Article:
Jump to ContentJump to Main Navigation
Does the New Testament Imitate Homer?Four Cases from the Acts of the Apostles$
Users without a subscription are not able to see the full content.

Dennis R. MacDonald

Print publication date: 2003

Print ISBN-13: 9780300097702

Published to Yale Scholarship Online: October 2013

DOI: 10.12987/yale/9780300097702.001.0001

Show Summary Details
Page of

PRINTED FROM YALE SCHOLARSHIP ONLINE (www.yale.universitypressscholarship.com). (c) Copyright Yale University Press, 2018. All Rights Reserved. Under the terms of the licence agreement, an individual user may print out a PDF of a single chapter of a monograph in YSO for personal use (for details see www.yale.universitypressscholarship.com/page/privacy-policy).date: 17 January 2019

Paul's Farewell to the Ephesian Elders

Paul's Farewell to the Ephesian Elders

(p.74) 7 Paul's Farewell to the Ephesian Elders
Does the New Testament Imitate Homer?

Dennis R. MacDonald

Yale University Press

This chapter focuses on Acts 20 and 21, which contain three farewell scenes, the first of which is the farewell to the Ephesian elders. In each instance, Paul demonstrates his resolve to continue to Jerusalem. In the first, he tells the elders that he is not afraid to face his Jewish opponents; he does not know precisely what will happen to him, except that “chains and afflictions await” him. In the second farewell, “the Spirit” warned the believers at Tyre of Paul's perils, and they begged him “not to continue on to Jerusalem.” Paul was determined to go on. As in the Hector-Andromache scene, one finds here warnings of danger, heroic resolve to face them, and farewells to women and children. The hero is left to meet his fate, while the others returned home in sorrow.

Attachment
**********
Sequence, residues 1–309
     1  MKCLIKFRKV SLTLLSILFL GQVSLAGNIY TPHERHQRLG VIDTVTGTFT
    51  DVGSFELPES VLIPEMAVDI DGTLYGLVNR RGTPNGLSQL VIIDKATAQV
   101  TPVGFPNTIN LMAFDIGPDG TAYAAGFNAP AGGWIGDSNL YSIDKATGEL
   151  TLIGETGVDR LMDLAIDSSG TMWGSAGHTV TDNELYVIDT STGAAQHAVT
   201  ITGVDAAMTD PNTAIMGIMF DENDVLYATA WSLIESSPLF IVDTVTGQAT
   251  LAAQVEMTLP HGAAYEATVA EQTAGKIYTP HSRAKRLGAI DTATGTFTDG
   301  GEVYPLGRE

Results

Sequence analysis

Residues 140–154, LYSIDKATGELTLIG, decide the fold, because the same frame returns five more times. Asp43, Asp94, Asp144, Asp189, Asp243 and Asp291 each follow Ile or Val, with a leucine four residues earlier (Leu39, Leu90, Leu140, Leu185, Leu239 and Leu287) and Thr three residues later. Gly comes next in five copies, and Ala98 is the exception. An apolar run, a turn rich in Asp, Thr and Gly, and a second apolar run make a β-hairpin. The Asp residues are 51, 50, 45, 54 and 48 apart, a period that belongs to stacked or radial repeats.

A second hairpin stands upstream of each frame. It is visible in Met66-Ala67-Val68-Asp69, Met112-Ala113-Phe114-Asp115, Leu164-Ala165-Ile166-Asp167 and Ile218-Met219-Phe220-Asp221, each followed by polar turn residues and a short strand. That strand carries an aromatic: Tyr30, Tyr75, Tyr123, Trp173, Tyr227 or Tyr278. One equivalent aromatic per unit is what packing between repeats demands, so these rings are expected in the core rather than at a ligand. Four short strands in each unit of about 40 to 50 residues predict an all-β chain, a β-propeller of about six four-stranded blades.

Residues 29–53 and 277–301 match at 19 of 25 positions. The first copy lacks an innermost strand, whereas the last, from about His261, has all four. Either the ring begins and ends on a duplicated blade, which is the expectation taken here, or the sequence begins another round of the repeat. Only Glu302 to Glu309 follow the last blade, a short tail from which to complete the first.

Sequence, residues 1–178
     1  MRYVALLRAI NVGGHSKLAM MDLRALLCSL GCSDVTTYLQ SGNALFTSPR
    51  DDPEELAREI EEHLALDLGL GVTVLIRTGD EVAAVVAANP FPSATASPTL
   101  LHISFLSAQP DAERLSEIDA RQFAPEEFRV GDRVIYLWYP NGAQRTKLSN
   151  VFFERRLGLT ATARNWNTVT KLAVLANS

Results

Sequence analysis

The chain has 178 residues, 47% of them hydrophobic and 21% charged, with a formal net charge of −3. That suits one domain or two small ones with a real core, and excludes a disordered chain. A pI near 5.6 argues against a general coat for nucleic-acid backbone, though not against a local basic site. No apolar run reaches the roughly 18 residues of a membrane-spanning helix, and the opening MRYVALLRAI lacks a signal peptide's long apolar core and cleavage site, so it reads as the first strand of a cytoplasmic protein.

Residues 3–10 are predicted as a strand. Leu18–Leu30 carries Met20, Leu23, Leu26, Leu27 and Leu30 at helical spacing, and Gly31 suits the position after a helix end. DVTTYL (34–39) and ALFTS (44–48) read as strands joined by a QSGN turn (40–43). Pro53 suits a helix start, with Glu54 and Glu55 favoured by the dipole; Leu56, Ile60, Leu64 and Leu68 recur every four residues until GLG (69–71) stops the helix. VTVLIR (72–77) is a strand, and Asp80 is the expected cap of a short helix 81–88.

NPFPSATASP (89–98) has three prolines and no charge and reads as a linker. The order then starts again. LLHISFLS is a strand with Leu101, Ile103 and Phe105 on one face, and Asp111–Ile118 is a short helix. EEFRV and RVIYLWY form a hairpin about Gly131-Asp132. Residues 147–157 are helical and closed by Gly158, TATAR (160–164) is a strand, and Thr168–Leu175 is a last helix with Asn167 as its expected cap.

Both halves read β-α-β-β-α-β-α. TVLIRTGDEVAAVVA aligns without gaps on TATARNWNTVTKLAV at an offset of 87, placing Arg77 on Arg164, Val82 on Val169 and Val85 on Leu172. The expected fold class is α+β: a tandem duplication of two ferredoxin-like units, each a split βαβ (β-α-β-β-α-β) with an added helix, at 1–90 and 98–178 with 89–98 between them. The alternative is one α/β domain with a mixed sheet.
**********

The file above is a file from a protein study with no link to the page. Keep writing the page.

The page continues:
Keywords:   farewell scenes, Ephesian elders, Jerusalem, Jewish opponents, the Spirit

Yale Scholarship Online requires a subscription or purchase to access the full text of books within the service. Public users can however freely search the site and view the abstracts and keywords for each book and chapter.

Please, subscribe or login to access full text content.

If you think you should have access to this title, please contact your librarian.

To troubleshoot, please check our FAQs , and if you can't find the answer there, please contact us.